January 27, 2016

pdfs and Android - finally a solution

I've been steadily moving away from iPad because I'm fed up with it (I have an iPad2 and it's become increasingly a pain to navigate-- Internet searches are a nightmare and there are quite a few freezes and lags when working in other apps). But one of the things I struggled with the most was how to read and annotate PDFs easily and quickly and keep them synchronized. You see, one of the things I liked the most about reading on iPad was iAnnotate. The app allowed you to download PDF files from Dropbox or Google Drive, read/annotate them, and sync them back to the online cloud of choice. This was a pretty painless process and saved me from having multiple copies of documents all over the place. Unfortunately, I couldn't seem to find an easy, automatic solution that did the same thing in Android. After much searching and testing, I finally found XODO PDF Reader and Annotator. It has a good toolset for annotation and it can sync pdfs from Dropbox and Google Drive (you can connect Dropbox or Google Drive, open a document from one of those cloud storage options, annotate the document, and then close the document and it'll sync back to drive where the original document is stored). There are some quirks with XODO-- it's not perfect, but it was the best solution I found and the only one that made me think I could really abandon reading on iPad altogether.

Now that I've started out with my final choice, let me talk about the other three that I was playing with (Folia, Google PDF Viewer, and Adobe Acrobat Reader for Android) and explain why I found them wanting.

Folia was the original iAnnotate app for Android, but almost from the beginning, iAnnotate for Android was seriously lacking as compared to its iPad counterpart. Eventually, iAnnotate for Android became Folia and was intended to be more comparable to the iPad app. In fact, it was mean to go above and beyond the app and essentially be a whole new ecosystem for managing documents. And therein was the problem. If I was already heavily invested in Google Drive (I actually pay for storage) or Dropbox (my linked PDFs for Zotero are stored in Dropbox) or another cloud storage service, why would I want to switch? Moreover, while the Folia architecture may be great for linking different documents, I've been leaning more and more toward a service such as Google Drive and increasingly One Drive where I could actually create documents, not just read and annotate documents. Folia also has a 20 document limit for the Free account. If you want more files in Folia, you'll have to pay $1.99/month. I have hundreds of PDFs-- I just didn't see myself paying for Folia storage (not to mention that I had already paid for the iPad version!). Finally, the most unforgivable sin, according to Folia's FAQ, you had to export each pdf in order to see markups made with Folia:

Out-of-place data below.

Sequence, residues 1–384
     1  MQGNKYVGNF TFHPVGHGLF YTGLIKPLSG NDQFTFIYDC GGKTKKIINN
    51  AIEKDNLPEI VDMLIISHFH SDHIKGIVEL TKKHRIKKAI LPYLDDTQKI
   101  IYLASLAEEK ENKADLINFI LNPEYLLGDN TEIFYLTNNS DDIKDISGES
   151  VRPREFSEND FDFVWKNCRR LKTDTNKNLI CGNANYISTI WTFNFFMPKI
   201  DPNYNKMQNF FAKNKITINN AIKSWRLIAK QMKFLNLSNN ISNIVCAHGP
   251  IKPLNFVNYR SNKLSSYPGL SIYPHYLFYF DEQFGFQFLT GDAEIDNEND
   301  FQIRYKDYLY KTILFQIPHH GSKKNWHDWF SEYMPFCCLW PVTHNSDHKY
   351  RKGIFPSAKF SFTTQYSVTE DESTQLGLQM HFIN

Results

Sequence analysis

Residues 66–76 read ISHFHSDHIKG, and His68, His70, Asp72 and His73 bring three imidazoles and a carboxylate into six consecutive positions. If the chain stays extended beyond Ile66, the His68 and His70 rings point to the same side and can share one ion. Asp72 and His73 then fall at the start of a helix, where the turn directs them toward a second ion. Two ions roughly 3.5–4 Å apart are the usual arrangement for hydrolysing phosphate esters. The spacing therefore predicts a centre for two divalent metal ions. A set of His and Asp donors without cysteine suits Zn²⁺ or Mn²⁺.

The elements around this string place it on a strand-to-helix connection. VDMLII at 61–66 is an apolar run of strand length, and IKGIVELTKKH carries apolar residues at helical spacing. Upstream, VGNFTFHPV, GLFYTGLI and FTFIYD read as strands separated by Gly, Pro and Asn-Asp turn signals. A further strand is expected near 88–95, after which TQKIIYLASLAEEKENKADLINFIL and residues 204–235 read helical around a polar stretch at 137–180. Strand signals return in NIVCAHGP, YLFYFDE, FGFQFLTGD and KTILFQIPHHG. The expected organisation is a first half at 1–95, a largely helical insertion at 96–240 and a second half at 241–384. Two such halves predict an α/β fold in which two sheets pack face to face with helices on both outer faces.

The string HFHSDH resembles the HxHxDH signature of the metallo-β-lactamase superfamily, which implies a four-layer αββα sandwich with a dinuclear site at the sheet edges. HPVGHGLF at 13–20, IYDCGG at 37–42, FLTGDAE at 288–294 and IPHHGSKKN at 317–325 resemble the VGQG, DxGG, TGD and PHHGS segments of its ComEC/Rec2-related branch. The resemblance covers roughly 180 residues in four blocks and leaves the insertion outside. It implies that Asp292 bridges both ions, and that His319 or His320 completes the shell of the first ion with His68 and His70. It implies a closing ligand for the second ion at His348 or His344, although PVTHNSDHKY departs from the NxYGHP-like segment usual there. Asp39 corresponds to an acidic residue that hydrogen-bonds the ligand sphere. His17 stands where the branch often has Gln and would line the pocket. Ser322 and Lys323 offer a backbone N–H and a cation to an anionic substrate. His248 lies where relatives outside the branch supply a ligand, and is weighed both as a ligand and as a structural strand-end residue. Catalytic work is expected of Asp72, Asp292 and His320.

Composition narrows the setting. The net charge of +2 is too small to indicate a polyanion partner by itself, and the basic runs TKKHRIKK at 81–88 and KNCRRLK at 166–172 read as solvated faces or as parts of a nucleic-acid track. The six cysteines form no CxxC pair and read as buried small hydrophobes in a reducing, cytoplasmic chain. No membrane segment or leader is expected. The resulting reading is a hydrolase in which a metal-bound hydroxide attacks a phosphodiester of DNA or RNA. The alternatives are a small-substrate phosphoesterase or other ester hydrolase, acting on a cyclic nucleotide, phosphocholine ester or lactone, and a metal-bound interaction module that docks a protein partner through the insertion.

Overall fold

Can I see my annotations outside of Folia? 
Annotations made in Folia are designed to stay in Folia. It is where they will be the most powerful. With the introduction of Folia for iOS and Android and our Folia web app, you'll be able to view your documents on iOS, Android, PC, or Mac. You'll be able to annotate them on mobile - annotation on the web will be coming soon. So, regardless of what device you are using, you'll be able to get the best experience. 
You will also be able to export your documents as PDFs to view outside of Folia. One of the reasons we are present on most platforms is so you can enjoy Folia to its fullest, so it will be our recommendation that you keep documents within the Folia environment.
In other words, I would have to import all my documents into Folia and if I wanted to see my markups in anything other than Folia, I would have to export them one by one...Can you imagine doing that for all the pdfs you might read? (again, I'm a researcher, I read a lot of pdfs) Finally, I also didn't find reading PDFs that great in Folia for Android. For one thing, it didn't have a lock screen function (which allows you to resize a PDF and freeze the resizing for easier reading.

Google PDF Viewer
This was a useful app to allow you to open PDF's, but it was too simplistic-- you could do exactly what the title implied, view pdfs, but no annotation.

Adobe Acrobat Reader for Android
This app was pretty good for reading and annotating PDFs and while the app itself is Free, but if you want to sync the document and annotations, you'll have to use Adobe's Document Cloud which it pricey. Like Folia, if my workflow was already set up with Dropbox or Google Drive or OneDrive, why would I want to pay for Adobe's Document Cloud? Here's a review of Adobe's Document Cloud. And to be honest, I've always hated many things Adobe-- the cost, their digital editions (awful, awful experience with books I paid for!), and the fact that a few years ago, they were hacked (the first time I received a letter saying my private information had been exposed).

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